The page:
Freeney is in San Diego with the Chargers now, cut loose by the Colts in an all-business, no-sentiment move forward.
“It's weird; it's really weird,” Mathis said. “It's just something I have to get used to because for over a decade I've been right there, right next to his side. He's been right there talking, joking and (we) formed more of a brotherhood than just teammates. So it's kind of weird, but it's something you have to get used to.”
Their numbers together, in retrospect, were fairly staggering: Freeney set the Colts' career record for sacks (107.5). Mathis ranks second with 91.5.
During their heyday, they fed off each other, taking advantage of the fact offenses might be able to double-team one of them (often Freeney) but not both.
The tandem underwent big changes last season when the Colts switched defenses, essentially turning the defensive ends into outside linebackers. Mathis took to the change more quickly than Freeney, who fought injuries as he became the “rush end.” Mathis moves into that role this year and he'll work with free agent signees Erik Walden (now wearing Freeney's old No.93 number) and rookie first-round draft pick Bjoern Werner.
"New is not always bad," Freeney told CBS Sports. "Change can be good, especially for me."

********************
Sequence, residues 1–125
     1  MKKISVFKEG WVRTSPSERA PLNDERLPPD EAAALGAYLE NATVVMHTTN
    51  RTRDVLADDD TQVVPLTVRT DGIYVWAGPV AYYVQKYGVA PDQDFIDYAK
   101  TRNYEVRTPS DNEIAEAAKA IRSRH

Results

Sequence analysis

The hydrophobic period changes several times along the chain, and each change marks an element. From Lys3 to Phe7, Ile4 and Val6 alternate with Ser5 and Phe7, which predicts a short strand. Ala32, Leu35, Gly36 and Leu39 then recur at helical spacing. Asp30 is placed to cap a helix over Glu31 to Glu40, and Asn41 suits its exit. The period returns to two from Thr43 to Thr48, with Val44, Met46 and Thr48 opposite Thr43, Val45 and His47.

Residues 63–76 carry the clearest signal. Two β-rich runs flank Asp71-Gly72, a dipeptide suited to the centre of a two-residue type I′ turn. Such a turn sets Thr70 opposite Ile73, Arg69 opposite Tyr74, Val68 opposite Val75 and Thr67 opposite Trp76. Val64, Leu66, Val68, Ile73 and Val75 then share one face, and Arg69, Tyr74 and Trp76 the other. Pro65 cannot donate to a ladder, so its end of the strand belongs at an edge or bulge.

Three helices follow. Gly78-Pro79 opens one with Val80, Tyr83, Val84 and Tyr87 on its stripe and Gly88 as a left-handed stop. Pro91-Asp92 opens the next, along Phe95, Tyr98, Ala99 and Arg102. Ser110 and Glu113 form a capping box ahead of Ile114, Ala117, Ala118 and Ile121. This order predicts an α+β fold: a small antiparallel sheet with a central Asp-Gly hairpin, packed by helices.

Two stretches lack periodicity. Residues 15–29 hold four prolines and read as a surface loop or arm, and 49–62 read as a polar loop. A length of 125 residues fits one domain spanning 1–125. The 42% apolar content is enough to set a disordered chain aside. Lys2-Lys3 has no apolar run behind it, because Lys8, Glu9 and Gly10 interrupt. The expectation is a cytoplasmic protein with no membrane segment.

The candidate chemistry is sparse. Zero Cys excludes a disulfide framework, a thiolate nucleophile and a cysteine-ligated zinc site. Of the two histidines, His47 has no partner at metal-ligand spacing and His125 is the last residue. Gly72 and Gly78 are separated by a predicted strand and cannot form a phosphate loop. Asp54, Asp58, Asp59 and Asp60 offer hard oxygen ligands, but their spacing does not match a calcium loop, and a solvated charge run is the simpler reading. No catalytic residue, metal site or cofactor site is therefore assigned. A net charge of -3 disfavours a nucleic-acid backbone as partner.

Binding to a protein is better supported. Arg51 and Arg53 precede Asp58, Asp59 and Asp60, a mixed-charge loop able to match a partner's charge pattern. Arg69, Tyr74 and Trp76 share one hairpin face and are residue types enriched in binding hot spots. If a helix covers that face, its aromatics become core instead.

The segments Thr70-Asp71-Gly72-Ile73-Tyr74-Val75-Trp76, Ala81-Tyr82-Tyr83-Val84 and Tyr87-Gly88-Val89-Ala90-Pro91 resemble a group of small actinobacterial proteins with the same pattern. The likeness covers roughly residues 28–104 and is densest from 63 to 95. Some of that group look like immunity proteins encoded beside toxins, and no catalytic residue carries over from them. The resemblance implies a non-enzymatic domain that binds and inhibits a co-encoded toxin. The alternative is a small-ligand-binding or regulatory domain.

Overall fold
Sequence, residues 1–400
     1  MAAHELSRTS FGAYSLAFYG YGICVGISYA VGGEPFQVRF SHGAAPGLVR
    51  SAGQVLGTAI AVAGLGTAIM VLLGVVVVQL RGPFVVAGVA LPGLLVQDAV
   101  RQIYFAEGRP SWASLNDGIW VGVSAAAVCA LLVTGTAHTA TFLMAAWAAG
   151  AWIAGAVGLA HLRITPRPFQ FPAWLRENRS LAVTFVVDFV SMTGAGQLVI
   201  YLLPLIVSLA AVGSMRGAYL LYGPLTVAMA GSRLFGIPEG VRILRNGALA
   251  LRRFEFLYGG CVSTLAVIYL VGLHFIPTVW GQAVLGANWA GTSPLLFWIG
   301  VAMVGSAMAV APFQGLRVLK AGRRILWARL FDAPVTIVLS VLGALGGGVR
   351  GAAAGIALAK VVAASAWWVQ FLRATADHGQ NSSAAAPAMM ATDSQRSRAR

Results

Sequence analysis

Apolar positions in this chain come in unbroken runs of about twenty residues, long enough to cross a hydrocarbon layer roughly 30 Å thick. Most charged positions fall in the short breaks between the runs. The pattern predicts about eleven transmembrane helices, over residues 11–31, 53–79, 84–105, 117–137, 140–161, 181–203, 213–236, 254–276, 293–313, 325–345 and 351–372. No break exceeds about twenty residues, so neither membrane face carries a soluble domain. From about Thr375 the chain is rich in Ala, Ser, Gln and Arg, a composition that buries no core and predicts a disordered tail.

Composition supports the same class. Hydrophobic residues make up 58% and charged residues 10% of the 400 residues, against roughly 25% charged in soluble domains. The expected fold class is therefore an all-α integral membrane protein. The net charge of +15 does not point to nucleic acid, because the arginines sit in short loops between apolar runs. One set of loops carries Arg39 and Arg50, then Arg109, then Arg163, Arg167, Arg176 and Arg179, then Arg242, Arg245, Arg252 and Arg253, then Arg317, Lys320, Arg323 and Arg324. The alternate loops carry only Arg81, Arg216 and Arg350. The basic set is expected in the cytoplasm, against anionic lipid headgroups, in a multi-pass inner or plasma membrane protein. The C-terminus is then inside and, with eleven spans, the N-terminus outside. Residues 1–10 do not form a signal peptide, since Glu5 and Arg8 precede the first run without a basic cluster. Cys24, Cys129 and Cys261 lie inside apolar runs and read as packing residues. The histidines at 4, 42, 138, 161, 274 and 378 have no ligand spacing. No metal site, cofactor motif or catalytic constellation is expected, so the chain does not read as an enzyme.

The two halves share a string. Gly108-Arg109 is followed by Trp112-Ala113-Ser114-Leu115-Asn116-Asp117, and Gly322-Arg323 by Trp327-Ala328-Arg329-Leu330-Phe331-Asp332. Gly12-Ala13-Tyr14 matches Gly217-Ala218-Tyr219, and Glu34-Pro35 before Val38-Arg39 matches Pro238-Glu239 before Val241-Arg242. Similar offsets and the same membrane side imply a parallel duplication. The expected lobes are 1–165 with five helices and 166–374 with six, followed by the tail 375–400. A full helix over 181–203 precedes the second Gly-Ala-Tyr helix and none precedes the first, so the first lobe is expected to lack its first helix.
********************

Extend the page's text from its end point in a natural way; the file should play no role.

Mathis knows more eyes will be on his play and his production with Freeney out of the picture.
“I don't think anybody can put more pressure (on me) than I can put on myself,” Mathis said. “It's the first time that I'm the No.1 rusher, the lead rusher or whatnot. I put the pressure on myself more so than anybody else could.”
Mathis finished with eight sacks last season, a decent number but still the second-lowest since he became a regular player. Some of that could probably be attributed to the new system. He's bound to feel more comfortable the second time around with coach Chuck Pagano and defensive coordinator Greg Manusky.
Mathis has also stepped up his role, which increased last season, as a veteran leader on the team. Mathis, Reggie Wayne, Cory Redding and Antoine Bethea are the every down players who have the most veteran credentials.
“I love it,” Mathis said of being a team leader. “That means you've been around for a while, so that's a blessing in itself. You like the way the guys look at you. They kind of put the onus on me. They follow my tenacity or leadership.”
Pagano said he understands why Mathis would need some time to get used to playing – or simply being in the locker room – without Freeney.
Pagano reiterated that the decision not to re-sign Freeney after his contract expired was a business one that the Colts front office and staff had to make in what they thought was the best interest of the team moving forward.
“Those guys had a lot of time together, a lot of play time together,” Pagano said. “They built, as Robert said, a friendship, a brotherhood if you will. There's a certain comfort zone. One knew the other one was always going to be there.”
Pagano said he knows from being around football how the bond between Mathis and Freeney remains stronger than simply a uniform.
“We always talk about how this game will fade at some point for all of us,” Pagano said. “But the relationships will never fade. I know Robert and Dwight's relationship will never fade and that's something they'll have for the rest of their lives.”